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Principles of Exposure Measurement in EpidemiologyCollecting, Evaluating, and Improving Measures of Disease Risk Factors$
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Emily White, Bruce K. Armstrong, and Rodolfo Saracci

Print publication date: 2008

Print ISBN-13: 9780198509851

Published to Oxford Scholarship Online: September 2009

DOI: 10.1093/acprof:oso/9780198509851.001.0001

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Ethical issues

Ethical issues

Chapter:
(p.401) 12 Ethical issues
Source:
Principles of Exposure Measurement in Epidemiology
Author(s):

Emily White

Bruce K. Armstrong

Rodolfo Saracci

Publisher:
Oxford University Press
DOI:10.1093/acprof:oso/9780198509851.003.0012

The overriding ethical principle in human research is that the rights of individual subjects should take precedence over the expected benefits to human knowledge or the community. This principle does not preclude research that may lead to harm to subjects, provided that the subjects accept voluntarily and with complete information. Ensuring ethical practice in epidemiological research includes working only from written research protocols that specifically address ethical issues, ensuring that research protocols have been passed by an ethical review committee, and obtaining informed consent from subjects except where the research is judged to present no more than minimal risk. It also includes accessing personally identifiable data without the subjects' consent only under carefully defined conditions, making adequate provision for the confidentiality of personally identifiable data, and ensuring that results obtained during the course of research that may have a bearing on the welfare of subjects are communicated to them.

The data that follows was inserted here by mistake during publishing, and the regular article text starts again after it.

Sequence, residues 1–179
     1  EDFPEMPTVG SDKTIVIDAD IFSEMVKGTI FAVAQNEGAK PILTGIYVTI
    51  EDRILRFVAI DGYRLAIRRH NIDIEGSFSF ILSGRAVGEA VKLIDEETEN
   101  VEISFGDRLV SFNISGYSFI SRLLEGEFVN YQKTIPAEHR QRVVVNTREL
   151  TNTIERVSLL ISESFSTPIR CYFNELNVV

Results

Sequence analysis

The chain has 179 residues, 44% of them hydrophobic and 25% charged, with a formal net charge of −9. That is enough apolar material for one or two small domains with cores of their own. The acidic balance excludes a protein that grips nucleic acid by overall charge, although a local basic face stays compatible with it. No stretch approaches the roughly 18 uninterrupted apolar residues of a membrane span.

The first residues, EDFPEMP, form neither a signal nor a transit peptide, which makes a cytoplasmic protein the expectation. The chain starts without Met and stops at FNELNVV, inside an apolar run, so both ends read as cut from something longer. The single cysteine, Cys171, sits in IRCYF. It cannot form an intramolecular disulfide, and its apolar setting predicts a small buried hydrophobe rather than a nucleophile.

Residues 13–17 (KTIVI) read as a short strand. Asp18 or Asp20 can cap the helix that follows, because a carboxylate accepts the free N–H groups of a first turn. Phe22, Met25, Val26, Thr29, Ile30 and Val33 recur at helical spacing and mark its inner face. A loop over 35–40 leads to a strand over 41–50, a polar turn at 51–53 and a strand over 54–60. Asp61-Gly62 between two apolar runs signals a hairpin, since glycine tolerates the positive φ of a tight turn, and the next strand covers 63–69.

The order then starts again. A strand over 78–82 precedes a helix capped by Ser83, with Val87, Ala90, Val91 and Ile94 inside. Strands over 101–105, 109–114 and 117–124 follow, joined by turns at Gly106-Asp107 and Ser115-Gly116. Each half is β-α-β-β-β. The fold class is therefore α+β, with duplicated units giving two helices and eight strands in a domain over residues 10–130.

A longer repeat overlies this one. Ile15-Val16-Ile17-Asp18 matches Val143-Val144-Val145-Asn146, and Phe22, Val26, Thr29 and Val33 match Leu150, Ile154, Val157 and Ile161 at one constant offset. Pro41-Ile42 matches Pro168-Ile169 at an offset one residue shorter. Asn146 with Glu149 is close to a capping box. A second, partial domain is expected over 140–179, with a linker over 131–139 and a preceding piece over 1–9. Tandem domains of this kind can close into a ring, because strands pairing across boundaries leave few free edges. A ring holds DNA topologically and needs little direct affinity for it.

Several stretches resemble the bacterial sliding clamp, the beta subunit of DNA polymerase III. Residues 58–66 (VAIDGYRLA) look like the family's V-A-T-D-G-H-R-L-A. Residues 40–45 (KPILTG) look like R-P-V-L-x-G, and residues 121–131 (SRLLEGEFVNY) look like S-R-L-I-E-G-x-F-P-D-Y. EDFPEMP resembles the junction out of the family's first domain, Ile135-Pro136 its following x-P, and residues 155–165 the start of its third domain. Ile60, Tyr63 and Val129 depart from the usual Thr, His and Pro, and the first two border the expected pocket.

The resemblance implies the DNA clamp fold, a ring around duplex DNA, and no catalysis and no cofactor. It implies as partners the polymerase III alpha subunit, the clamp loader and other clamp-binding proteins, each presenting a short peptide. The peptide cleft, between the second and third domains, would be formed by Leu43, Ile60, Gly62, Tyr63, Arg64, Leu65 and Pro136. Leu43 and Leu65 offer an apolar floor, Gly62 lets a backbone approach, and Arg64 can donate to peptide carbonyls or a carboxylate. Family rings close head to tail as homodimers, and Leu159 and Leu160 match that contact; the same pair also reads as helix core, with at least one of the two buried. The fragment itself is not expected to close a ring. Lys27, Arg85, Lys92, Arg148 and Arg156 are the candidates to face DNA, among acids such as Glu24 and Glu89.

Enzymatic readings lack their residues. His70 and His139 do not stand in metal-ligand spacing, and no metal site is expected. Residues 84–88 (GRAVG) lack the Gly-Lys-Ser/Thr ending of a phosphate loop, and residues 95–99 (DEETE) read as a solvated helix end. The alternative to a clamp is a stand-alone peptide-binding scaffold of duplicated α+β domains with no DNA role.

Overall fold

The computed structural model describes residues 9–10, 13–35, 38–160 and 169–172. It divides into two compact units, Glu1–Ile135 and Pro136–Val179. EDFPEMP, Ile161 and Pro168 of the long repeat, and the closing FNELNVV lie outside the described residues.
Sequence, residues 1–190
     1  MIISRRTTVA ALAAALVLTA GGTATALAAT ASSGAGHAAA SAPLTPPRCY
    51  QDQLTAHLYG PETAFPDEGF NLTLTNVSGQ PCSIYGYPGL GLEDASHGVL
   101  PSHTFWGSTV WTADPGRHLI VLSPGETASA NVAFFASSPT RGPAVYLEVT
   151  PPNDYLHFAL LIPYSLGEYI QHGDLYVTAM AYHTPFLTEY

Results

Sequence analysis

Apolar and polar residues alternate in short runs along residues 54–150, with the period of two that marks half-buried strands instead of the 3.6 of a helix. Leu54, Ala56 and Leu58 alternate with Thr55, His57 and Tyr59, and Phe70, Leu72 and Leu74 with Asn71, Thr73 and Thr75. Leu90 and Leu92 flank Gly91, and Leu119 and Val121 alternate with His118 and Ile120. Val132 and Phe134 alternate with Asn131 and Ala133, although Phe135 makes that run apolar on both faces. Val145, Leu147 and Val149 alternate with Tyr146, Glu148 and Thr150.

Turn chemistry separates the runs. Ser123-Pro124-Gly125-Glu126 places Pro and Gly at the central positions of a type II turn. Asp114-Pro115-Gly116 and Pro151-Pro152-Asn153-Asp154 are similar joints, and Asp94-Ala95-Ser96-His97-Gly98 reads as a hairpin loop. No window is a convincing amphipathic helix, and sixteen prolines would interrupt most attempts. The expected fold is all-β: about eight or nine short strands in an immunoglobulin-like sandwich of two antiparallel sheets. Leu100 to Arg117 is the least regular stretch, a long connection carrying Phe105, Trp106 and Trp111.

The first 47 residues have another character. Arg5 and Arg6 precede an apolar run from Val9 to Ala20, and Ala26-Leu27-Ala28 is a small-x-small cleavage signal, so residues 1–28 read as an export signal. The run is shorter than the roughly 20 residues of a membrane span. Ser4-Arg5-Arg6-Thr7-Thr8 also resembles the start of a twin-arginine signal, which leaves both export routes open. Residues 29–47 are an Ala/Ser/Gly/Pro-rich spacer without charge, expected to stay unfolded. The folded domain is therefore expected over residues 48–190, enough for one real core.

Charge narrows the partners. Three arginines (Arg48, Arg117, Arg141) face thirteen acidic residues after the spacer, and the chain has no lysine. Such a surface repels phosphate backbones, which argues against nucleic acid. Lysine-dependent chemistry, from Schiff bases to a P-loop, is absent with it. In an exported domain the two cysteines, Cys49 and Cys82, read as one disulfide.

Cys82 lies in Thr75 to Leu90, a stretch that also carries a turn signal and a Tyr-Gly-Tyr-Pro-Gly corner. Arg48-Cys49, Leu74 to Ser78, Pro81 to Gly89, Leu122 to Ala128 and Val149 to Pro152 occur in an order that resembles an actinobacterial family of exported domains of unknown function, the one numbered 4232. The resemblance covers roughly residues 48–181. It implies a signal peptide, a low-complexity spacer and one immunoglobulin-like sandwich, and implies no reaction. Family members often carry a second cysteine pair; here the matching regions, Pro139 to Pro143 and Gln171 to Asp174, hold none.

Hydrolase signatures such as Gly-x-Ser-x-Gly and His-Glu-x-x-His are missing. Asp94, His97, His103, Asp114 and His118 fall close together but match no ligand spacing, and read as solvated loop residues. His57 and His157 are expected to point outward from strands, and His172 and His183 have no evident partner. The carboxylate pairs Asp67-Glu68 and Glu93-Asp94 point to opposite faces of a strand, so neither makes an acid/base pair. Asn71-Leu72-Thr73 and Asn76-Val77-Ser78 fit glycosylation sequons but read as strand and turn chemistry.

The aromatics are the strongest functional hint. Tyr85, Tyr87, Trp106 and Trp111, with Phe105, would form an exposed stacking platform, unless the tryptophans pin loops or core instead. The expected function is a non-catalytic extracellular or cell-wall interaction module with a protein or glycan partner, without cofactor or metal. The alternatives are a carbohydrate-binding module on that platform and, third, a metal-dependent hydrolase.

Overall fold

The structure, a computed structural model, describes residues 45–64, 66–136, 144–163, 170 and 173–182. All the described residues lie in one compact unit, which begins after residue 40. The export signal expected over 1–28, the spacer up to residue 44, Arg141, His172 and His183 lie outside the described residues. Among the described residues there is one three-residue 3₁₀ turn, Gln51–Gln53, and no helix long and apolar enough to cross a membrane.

Keywords:   ethics, rights of research subjects, informed consent, confidentiality, ethics committees, study results, research protocols

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